Under the guiding hand of Lasseter, Pixar's computers have developed something close to a soul. Ratatouille, the story of a French gastro-rat, is one of the most visually satisfying movies ever made, the detail and texture of a Parisian restaurant kitchen so lovingly evoked you can almost smell the cooking. Wall·E, a largely wordless story of robots on an abandoned Earth, oozes melancholy, poignancy and rebuke.
These are serious films, only nominally for children, that touch on profound themes, address deep emotions, and deploy the wizardry of modern animation not, as so many action movies do, for the sake of maximum wow-factor but to bring out what even the best live acting sometimes cannot. Some have argued that the price has been the death of serious cinema for adults, as Hollywood's finest talent concentrates on animated movies that can be marketed and merchandised to multiple generations – but given the quality of the results, there have been few complaints.
In fact, Pixar's success has been so great that Lasseter, 52, has been handed the keys to the Magic Kingdom: Disney paid $6 billion to buy Pixar (whose films it had distributed) and get Lasseter, hailed as the heir to Walt, to run its own studios, too.
The firm could have had him far cheaper. Obsessed by cartoons from an early age, the Californian actually started out as a Disney animation trainee, but came to the conclusion that the studio, for all its wealth and power, had run out of ideas. In the early Eighties he was shown footage of an experiment with CGI and immediately spotted its potential. Full of enthusiasm, he went back to Disney and urged his bosses to embrace the future. "The future," he was coolly told, "is not computers."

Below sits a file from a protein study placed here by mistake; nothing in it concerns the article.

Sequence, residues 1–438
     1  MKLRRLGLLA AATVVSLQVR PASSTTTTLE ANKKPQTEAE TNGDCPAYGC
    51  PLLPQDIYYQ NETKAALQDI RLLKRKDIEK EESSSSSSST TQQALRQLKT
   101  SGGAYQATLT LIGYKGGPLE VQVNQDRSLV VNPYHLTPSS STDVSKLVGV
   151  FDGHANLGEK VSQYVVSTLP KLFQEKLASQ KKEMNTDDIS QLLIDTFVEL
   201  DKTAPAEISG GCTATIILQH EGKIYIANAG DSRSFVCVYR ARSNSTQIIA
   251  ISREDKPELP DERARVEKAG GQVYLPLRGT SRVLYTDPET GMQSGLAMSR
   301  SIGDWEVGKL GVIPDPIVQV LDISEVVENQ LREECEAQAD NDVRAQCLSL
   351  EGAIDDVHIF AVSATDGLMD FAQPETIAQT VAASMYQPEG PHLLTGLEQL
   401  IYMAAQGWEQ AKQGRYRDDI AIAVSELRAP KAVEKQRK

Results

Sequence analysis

Within a year, he was out of a job. He quickly landed a new one, with the hi-tech film unit owned by Star Wars creator George Lucas; when that was spun off to Apple founder and movie buff Steve Jobs, in 1986, Lasseter was given the job of establishing the team that would become Pixar.
"It's not just about the technology," he says. "You've got to have a solid story, good characters, scenes that look right, all the things that have always made movies work." Nor is it just about Pixar. A rival studio, DreamWorks Animation, has its own string of hits – including the Shrek movies, Shark Tale, Madagascar and Kung Fu Panda.
Other filmmakers are heading in directions that seem almost retro‑techno. Wes Anderson, director of the recently released Fantastic Mr Fox, based on the Roald Dahl story, uses stop-motion, along the lines of Wallace and Gromit. Robert Zemeckis, who once gave us Forrest Gump, has turned his attention to motion capture, covering actors such Jim Carrey (for Disney's new version of A Christmas Carol) with ping‑pong balls in order to capture and digitise their motions.
As for Mickey Mouse, whose popularity has shown signs of fading in recent years, Disney says it is "re-imaging" him – initially for a new computer game for teenagers – but that the new look could stick. With or without Mickey, though, there is little doubt that animation has entered a new age of wonder.